Starfield Robot Companion

(Image credit: Bethesda)

And to further solidify player agency as a core tenet of the game's design, The Crimson Fleet (a major enemy faction in the game) can be joined by the player. Howard offered further insight, saying, "No matter what story we write, the one the players tell themselves is the one that they think about and love the most."

The video also shows a brief clip of one of the game's robot companions, VASCO. We get a glimpse of their design, but all they say within the video is, "Hello captain, how may I be of assistance."

Starfield's persuasion system also takes a few beats from Oblivion, forcing the player to think about the risk within a conversation. Developers also wanted to avoid "a right thing to say." Howard claims it's "one of the most successful" new systems in their dialogue.

To top the diary off, Pagliarulo claims that the core question of Starfield is "what is out there," promising a layer beyond just surface elements like romance and adventure, evoking a sense of wonder within the cosmos and the universe. Howard wants the player to ask the big questions, like "why are we all here, where is it leading, and what's next for humanity."

Starfield setting 

Starfield takes place in space in some capacity, which is pretty much the only thing we know about its setting. It could be a dark, futuristic science-fiction about how humanity is dangerously low on resources and needs to expand its grasp outside of the solar system. Or it could have nothing to do with Earth, and could revolve around all sorts of colorful alien lifeforms while the player travels throughout bizarre environments.

I hope Starfield represents a wide spectrum of unique alien races that the player can create relationships with, whether that be in the form of romance, friendship or rivalry. The Elder Scrolls series has always allowed the player to pick from a handful of fantasy races when creating a character, so I’d love for Starfield to do the same.

I loathe the idea of Starfield featuring dozens of planets only for them to be inhabited by generic humanoids within earth-like environments. If I’m flying my ship toward an alien planet teeming with life, I expect it to be unlike anything I have never experienced. This isn’t to say that earth-like planets can’t be prominent, but I’d at least prefer if the game featured a healthy balance between exotic and ordinary.

This comes with the expectation that the game is more colorful. If Starfield intends to go into a darker direction where humanity is scattered, and our rugged spaceships are barely chugging us across space, it’s expected that the game will be gritty.

If the game is gloomy, I hope Bethesda understands the value of an ambient soundtrack, muted colors and the utilization of darkness to instill fear into the player. If we're going to explore a world ripe with hopelessness, I want flying through space to not feel adventurous, but terrifying.

There's one thing we currently do know about the game's setting, and this is that it will feature expansive cities, larger than we've ever seen in a Bethesda game before. This is thanks to the overhauled Creation Engine, which allows the developers to craft larger worlds.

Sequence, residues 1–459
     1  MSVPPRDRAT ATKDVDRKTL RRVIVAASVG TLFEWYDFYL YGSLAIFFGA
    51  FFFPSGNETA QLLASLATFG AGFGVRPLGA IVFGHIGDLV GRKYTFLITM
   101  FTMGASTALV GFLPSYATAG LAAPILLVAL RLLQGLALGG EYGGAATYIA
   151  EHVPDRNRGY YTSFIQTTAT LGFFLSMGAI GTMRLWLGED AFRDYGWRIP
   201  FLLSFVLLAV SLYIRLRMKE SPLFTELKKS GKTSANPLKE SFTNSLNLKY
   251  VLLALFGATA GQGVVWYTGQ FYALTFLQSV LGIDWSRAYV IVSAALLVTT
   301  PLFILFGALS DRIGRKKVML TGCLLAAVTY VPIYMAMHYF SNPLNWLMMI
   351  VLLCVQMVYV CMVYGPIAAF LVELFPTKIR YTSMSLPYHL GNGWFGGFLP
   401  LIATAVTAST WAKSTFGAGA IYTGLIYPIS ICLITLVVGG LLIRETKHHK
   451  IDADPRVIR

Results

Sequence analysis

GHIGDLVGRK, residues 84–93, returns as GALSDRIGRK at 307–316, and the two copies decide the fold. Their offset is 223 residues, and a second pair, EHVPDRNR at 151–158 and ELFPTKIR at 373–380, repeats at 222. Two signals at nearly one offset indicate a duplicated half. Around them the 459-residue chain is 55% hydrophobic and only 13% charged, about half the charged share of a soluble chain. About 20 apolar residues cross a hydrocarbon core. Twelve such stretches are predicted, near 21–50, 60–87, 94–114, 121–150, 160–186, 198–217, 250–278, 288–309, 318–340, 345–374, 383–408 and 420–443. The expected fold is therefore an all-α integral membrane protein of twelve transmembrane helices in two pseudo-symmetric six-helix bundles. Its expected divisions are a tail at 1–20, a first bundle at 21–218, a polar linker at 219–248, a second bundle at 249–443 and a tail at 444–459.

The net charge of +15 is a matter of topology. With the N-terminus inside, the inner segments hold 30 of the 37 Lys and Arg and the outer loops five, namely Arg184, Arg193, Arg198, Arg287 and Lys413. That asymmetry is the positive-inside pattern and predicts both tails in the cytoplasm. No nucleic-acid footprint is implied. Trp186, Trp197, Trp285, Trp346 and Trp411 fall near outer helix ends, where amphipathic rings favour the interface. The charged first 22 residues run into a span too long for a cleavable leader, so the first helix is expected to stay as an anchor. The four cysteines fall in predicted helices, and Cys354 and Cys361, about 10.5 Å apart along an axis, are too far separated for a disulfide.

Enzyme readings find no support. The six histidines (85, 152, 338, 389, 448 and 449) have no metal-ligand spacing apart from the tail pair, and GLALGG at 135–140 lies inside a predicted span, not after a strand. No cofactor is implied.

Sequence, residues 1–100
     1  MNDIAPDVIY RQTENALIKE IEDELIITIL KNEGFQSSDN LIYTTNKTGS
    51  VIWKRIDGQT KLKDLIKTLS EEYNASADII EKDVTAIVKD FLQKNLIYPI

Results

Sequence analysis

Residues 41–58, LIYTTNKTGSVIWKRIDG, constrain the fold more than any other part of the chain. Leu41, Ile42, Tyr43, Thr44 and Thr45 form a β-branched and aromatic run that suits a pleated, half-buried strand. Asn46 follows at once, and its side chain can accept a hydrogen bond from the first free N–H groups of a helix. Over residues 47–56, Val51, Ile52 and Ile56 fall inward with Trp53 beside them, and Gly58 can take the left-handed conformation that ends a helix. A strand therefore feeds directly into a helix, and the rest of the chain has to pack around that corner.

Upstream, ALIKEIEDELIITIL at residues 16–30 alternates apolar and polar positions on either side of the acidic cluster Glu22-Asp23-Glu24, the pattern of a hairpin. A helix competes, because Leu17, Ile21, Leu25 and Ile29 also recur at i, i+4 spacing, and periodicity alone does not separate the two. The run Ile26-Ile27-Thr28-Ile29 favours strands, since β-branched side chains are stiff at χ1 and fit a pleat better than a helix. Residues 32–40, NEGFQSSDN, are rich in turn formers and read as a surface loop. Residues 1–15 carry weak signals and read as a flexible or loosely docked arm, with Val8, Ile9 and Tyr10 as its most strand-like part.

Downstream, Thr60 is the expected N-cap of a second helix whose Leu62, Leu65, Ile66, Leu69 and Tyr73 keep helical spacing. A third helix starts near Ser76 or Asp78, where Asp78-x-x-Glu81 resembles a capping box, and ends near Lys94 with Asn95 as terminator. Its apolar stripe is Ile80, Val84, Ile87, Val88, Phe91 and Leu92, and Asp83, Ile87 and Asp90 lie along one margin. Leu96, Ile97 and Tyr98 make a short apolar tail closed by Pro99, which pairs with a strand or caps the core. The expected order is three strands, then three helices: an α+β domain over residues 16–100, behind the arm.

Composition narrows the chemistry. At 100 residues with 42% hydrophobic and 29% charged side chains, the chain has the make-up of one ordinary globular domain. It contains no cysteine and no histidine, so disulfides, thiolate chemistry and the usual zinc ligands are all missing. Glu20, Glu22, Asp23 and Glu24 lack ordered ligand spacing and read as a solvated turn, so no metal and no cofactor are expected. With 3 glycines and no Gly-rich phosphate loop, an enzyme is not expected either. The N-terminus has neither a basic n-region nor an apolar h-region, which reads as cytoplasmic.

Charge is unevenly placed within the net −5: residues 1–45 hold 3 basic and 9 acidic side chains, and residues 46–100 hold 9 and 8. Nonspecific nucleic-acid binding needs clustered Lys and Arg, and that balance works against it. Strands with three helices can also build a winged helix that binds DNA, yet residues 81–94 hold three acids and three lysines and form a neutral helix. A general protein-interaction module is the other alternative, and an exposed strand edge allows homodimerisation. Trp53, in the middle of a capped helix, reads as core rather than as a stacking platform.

We got a first look at some in-engine footage, although no gameplay was shown (which is disappointing after three years of waiting). The teaser didn't reveal much, but it did give us an idea of what type of sci-fi setting we could expect. It seems that it'll be more grounded, with an aesthetic that accurately reflects where space-related architecture and designs are at in the modern day.

Bethesda released three short videos highlighting the concept art for some of the game's areas. These locations are Akila, New Atlantis and Neon. Each video runs around 50 seconds long and is accompanied by developer commentary. 

Bethesda Softwork's YouTube channel published another video explaining a nugget of Starfield's lore. It will boast a section of its universe that's referred to as "The Settled Systems" as players embark on their journey in the year 2330. 

20 years prior, the United Colonies and Freestar Collection were engaged in a brutal war. Cut to modern day, an uneasy peace is kept among the two major powers. And yet, The Settled Systems are still as dangerous as ever, occupied by groups like the Ecliptic Mercenaries and Pirates of the Crimson Fleet. The player will be part of Constellation, an organization that seeks to explore the deepest depths of the galaxy to uncover its secrets.

Starfield leaks 

Starfield supposedly had a few images leak that revealed a surprising number of details.

In the first image, we see the model of a rugged spaceship. Immediately, this implies a less high-tech version of humanity, as the ship is beat up, has paint scratches, and looks like the engineer had stuffed a bunch of scrap together to make a barely-functioning spacecraft. This sorta evokes the feeling of a space western.

However, the second image paints a different picture. We see our protagonist floating in front of a spaceship that looks far more modern and well-kept. Additionally, the playable character's space suit looks a lot like a modern Extravehicular Mobility Unit, the suits Nasa use to traverse space.

Additionally, we see a weapon icon on the bottom right that looks a lot like a sawed-off shotgun. It could potentially be a futuristic laser-based weapon with a similar shape, but if it is a sawed-off shotgun, the setting will likely be more realistic than fantastical. Another leak showcases a few images of a gold dome, further sementing how Starfield is inspired by real-life space technology. This was from a 2018 build, so it's not particularly reliable as far as what to expect goes.

Momo Tabari
Contributing Writer

Self-described art critic and unabashedly pretentious, Momo finds joy in impassioned ramblings about her closeness to video games. She has a bachelor’s degree in Journalism & Media Studies from Brooklyn College and five years of experience in entertainment journalism. Momo is a stalwart defender of the importance found in subjectivity and spends most days overwhelmed with excitement for the past, present and future of gaming. When she isn't writing or playing Dark Souls, she can be found eating chicken fettuccine alfredo and watching anime.